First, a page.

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(Post by FRANCISCO LITTLE)
If the last words you ever hear in China are gan bei (dry glass) you’ll know you went out in a spirited way. Drinking has been intimately intertwined in almost every aspect of Chinese culture since earliest times. Having heard about the famous toasting sessions I was very excited to be invited to my first dinner banquet with a group of friends and officials in the coastal city of Dalian.
We were booked into a restaurant’s private room, usual procedure when guests are invited out, and took our seats to many introductions and rounds of applause.
The first wave of appetisers had scarcely been deposited on the lazy susan when our host gesticulated to the waiter to bring the bottle of baijiu, white spirit whose ingredients can include everything from maize, barley, oak, millet to petrochemicals. Shot glasses were filled with the 60%-proof colourless liquid for the first toast. I put my hand over my glass and told the host I didn’t drink. He chose not to hear and insisted I fill my glass. This was going to be tricky, I thought — I didn’t want him to lose face, but at the same time, no way was baijiu going to pass my lips. Our eyes duelled over the pickled cabbage starters. Rapid negotiations ensued, with one of my colleagues making passionate pleas on my behalf.
“Hao, OK,” the host relented, shooting me a look that said we shouldn’t be breathing the same air.
I had my glass filled with juice. As soon as the first round of drinks was poured the host lifted his glass in a general toast, right hand holding the top of the glass, and two fingers of the left hand lightly touching the bottom of the glass.
He made a toast to eternal friendship, shooting me a glance and downing his drink, before showing us all that his glass was empty. “Gan bei!” Everyone did the same. I took a sip of my juice. My colleague quickly whispered in my ear.
“Chinese say, if we are good friends, then bottoms up; if not, then just take a sip.”
I was blowing it big time. All indications pointed to the fact that friendship seemed to depend on the volume of drink I could throw down my throat.
After the opening toast, it’s open season. Confusion reigned, with waitresses bringing plate after plate of every
imaginable dish. Chopsticks flashed, gan beis followed one after the other, empty glasses banged a staccato on the table.
The volumes of conversation rose in proportion to the alcohol intake and in less time than it takes to open a new bottle we reached screaming levels. The fifth bottle of baijiu came and went. The host’s eyes shone like new ball-bearings. Two of the guests had literally turned red. One, hand shaking uncontrollably, was clearly unable to drink further. I pointed this out to my colleague. His shrug said “so what?” The host verbally blasted anyone who looked remotely like their gan beis were slacking off. Everyone was starting to look the worse for wear. This was good — the more drunk the guests, the greater the host’s prestige, as long as a measure of coherence in speech and gesture was maintained.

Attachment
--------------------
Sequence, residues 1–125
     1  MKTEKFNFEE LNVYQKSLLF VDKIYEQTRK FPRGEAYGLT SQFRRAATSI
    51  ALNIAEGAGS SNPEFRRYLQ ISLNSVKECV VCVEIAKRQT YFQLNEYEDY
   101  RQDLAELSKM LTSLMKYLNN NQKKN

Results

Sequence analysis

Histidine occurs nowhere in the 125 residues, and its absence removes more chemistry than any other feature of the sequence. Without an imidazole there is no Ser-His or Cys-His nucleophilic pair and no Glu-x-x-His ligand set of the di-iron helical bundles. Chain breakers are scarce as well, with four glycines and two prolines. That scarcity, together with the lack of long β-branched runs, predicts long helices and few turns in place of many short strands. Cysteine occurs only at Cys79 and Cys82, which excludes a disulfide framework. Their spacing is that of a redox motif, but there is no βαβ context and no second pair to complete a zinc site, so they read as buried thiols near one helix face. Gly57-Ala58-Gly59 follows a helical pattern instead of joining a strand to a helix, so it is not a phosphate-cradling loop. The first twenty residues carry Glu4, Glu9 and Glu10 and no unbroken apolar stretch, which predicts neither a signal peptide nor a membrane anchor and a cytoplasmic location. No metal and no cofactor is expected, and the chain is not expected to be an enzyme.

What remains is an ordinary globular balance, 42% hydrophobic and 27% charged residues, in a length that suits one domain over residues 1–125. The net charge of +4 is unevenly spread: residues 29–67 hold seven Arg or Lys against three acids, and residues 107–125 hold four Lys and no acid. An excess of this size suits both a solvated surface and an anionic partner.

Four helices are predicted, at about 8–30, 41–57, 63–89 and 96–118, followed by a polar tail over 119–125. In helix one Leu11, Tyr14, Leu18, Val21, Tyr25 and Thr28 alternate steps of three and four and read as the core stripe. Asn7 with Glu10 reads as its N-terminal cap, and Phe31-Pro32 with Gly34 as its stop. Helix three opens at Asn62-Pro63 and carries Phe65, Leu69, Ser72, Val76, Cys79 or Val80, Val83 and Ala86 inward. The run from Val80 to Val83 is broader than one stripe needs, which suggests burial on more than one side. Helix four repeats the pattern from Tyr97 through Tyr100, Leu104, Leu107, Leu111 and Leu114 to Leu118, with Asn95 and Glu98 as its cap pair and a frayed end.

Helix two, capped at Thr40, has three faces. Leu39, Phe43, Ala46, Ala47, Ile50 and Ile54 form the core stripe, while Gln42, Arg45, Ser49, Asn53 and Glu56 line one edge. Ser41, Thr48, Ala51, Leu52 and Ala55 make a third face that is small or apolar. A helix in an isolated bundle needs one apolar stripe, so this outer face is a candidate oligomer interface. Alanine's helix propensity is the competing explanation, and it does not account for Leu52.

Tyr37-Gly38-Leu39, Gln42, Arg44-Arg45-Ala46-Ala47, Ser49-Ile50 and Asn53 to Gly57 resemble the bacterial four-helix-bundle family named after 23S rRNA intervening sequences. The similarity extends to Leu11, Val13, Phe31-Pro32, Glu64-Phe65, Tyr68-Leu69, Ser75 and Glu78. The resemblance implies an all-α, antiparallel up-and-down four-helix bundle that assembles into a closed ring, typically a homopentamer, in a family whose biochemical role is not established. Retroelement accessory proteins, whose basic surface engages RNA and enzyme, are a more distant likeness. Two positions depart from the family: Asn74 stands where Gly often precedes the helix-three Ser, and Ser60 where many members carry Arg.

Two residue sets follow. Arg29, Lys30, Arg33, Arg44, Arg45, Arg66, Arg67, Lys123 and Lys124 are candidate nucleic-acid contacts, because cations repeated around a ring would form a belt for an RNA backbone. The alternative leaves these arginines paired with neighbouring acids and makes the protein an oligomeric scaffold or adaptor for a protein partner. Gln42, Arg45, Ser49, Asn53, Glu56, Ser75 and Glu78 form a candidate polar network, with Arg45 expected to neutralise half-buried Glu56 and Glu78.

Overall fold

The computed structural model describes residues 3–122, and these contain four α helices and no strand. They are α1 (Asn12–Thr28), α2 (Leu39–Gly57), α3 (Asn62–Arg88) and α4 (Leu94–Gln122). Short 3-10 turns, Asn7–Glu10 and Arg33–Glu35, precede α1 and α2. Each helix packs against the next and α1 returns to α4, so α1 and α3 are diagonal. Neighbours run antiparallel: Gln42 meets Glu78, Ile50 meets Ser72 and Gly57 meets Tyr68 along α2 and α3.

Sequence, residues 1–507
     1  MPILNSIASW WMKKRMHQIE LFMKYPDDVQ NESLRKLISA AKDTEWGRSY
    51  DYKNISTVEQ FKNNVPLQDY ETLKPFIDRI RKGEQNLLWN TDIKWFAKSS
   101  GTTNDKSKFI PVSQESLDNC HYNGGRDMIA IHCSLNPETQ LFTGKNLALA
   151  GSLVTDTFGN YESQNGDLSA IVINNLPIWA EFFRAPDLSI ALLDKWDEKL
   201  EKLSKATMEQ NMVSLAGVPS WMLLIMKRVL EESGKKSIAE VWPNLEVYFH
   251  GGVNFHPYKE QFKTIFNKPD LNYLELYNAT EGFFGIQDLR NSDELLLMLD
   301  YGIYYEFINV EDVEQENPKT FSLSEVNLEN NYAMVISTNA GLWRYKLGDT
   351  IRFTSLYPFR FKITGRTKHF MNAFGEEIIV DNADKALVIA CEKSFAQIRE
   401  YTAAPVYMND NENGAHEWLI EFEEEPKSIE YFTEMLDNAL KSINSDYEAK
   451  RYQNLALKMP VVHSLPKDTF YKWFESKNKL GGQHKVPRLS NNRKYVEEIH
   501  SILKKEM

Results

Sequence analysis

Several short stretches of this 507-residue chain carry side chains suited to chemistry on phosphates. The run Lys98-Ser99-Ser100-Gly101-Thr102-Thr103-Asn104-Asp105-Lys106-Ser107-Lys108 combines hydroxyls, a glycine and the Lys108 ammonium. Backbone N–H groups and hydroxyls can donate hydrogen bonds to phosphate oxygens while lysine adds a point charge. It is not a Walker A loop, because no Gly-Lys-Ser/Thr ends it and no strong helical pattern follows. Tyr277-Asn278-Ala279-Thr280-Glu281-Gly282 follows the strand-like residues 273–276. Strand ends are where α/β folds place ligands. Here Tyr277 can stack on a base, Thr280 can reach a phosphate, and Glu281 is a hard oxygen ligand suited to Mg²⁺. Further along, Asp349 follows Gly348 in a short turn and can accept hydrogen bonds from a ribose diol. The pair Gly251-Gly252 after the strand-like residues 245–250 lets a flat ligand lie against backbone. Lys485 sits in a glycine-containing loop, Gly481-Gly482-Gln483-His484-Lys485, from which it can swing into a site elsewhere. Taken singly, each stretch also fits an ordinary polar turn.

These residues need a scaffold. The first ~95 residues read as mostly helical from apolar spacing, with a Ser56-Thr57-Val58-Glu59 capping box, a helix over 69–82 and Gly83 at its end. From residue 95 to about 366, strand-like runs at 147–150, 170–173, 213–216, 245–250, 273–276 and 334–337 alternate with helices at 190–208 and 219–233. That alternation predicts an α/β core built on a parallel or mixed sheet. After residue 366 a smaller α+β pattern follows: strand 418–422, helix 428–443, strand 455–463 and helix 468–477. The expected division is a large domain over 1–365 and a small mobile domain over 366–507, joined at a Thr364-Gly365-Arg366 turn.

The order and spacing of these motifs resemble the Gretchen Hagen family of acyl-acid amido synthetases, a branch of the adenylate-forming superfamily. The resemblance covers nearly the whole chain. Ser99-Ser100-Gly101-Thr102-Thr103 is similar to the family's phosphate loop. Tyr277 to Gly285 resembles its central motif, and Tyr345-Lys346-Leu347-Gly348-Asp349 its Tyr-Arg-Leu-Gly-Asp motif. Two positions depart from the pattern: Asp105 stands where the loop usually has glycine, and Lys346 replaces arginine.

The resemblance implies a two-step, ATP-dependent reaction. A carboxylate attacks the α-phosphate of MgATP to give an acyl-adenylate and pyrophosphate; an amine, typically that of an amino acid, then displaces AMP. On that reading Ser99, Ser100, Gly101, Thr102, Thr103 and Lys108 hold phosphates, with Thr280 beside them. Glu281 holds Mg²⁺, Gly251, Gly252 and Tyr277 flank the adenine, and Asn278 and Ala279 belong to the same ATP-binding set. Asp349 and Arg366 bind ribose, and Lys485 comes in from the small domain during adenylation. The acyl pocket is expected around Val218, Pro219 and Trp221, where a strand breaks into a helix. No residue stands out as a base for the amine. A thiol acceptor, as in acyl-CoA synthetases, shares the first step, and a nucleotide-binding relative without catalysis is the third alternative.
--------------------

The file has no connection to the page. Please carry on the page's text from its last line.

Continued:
I decided it was time I made a toast while everyone was still compos and leapt to my feet. There were vacant stares, people probably wondering why I was still there.
“To good times and good company!” I said, “gan bei!” and swallowed my juice with a flourish.
Not to be outdone, red face staggered to his feet and proposed, “To friendship through drink”, swallowed his drink and collapsed. He was helped up and propped back on his chair. It was starting to resemble a casualty ward. One of the ladies was sweating profusely and held her head in both hands. The host had returned from the toilet, looking much improved (I am told that breaks are allowed for people to leave and return to the fray in a better disposition).
What seemed like an eternity had in fact lasted only two hours. It wasn’t so much a drinking marathon but more like a sprint. I thought it would be so much easier to just stick a hosepipe down each guest’s throat and pump them full. Ah, but then you couldn’t show your glass was empty. Raising a glass to other cultures always holds an element of unpredictability that is simultaneously eye-opening and requires tolerance.
We live and learn – and you have to drink to that!
Francisco Little, Beijing, China
South African born artist, writer and photographer Francisco Little grew up in Rhodesia, now Zimbabwe. Francisco currently splits his time living in Beijing, China and painting in his studio in Foothill Ranch, California. He has held several joint and solo exhibitions and to date the bulk of his work has been sold to collectors, corporate clients and those with a love of the abstract worldwide. Check out his website and blog or follow him on Twitter.Tweet